Though this installment has a Michael Peña-sized hole in it, the comedy still hits at the same level as the previous “Ant-Man” movies. “Ant-Man” veteran David Dastmalchian hangs up his role as Kurt to voice Veb. Though the Russian cybercriminal is missed, Dastmalchian continues to flex his comedic muscles through this CGI character. Newcomer William Jackson Harper plays the telepathic Quaz. He has excellent chemistry playing off of Rudd, with their interactions going on for just the right amount of time before a joke gets old. And then there’s the surprise return of Corey Stoll. After being sent to the Quantum Realm at the end of the first “Ant-Man” movie, Darren Cross has transformed into MODOK (an acronym for Mental/Mobile/Mechanized Organism Designed Only for Killing), giving his character legitimate conflict against Scott and the rest of the gang. Plus, Stoll leans head first (no pun intended) into the sheer lunacy of playing a giant floating head designed for killing.
Despite this being the longest “Ant-Man” movie to date, none of the side characters the Ant family meets in the Quantum Realm are there for too long. For instance, legendary comedic actor Bill Murray doesn’t overstay his welcome as Krylar, an old friend of Janet’s (Michelle Pfeiffer) from her time in the Quantum Realm. Though brief, Krylar offers Murray the chance to have humorous banter with Michael Douglas’s Hank Pym. While it would’ve been great to see Murray and Douglas spar back and forth a little bit longer, the pacing of the movie keeps audiences from being stuck with too many side characters in order to put the attention on the Ant family and the new villain.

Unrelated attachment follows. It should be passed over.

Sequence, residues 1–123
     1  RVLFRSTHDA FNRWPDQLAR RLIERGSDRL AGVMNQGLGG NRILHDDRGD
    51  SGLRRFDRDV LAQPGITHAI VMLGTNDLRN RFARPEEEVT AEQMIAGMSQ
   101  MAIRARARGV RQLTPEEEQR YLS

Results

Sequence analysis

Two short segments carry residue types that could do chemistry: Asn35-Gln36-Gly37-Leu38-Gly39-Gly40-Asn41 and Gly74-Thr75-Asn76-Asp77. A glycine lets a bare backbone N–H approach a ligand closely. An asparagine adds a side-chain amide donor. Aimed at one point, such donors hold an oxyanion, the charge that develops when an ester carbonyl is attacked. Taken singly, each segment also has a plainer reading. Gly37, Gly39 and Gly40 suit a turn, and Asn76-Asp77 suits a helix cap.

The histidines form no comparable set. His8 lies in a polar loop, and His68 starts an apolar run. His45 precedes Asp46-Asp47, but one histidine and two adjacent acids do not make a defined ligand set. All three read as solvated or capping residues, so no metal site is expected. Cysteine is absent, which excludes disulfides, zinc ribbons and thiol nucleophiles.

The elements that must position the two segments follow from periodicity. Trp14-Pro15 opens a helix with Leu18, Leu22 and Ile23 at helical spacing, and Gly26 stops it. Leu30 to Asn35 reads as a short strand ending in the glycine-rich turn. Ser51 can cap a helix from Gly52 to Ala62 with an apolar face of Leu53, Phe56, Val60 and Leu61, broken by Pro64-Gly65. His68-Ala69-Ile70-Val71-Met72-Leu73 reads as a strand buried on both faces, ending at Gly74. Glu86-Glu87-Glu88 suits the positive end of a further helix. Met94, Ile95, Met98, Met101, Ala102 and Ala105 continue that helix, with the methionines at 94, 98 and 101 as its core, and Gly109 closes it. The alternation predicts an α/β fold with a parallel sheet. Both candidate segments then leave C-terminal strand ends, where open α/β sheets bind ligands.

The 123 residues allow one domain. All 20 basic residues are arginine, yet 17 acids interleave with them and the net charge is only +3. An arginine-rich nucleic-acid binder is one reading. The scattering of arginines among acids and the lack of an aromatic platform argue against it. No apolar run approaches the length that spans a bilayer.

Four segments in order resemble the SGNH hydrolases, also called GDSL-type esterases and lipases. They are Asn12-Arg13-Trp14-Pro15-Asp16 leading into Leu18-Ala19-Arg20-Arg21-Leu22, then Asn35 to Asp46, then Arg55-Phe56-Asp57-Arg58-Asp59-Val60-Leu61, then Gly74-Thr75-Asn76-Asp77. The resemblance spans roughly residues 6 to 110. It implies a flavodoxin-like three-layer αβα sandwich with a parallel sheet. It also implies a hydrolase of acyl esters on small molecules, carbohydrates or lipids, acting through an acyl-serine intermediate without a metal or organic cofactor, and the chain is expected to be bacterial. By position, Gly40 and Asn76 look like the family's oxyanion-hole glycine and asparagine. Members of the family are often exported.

With a heavy emphasis on making sure Kang the Conqueror’s introduction is impactful, it does hurt some of the development of the Lang-Pym-Van Dyne family. This is seen with Hope (Evangeline Lilly) and Hank, who take a backseat for a good portion of the movie. In the case of Hope, so much of her arc is linked to reconnecting with Janet. When this conflict is later resolved, it doesn’t leave much for Lilly to do while she waits for her time to shine during the third act fight. Meanwhile, Hope’s frustration towards Janet to open up about her time in the Quantum realm, while suitably serving her mother’s arc, can be frustrating for viewers who are needlessly kept in the dark about the plot’s development.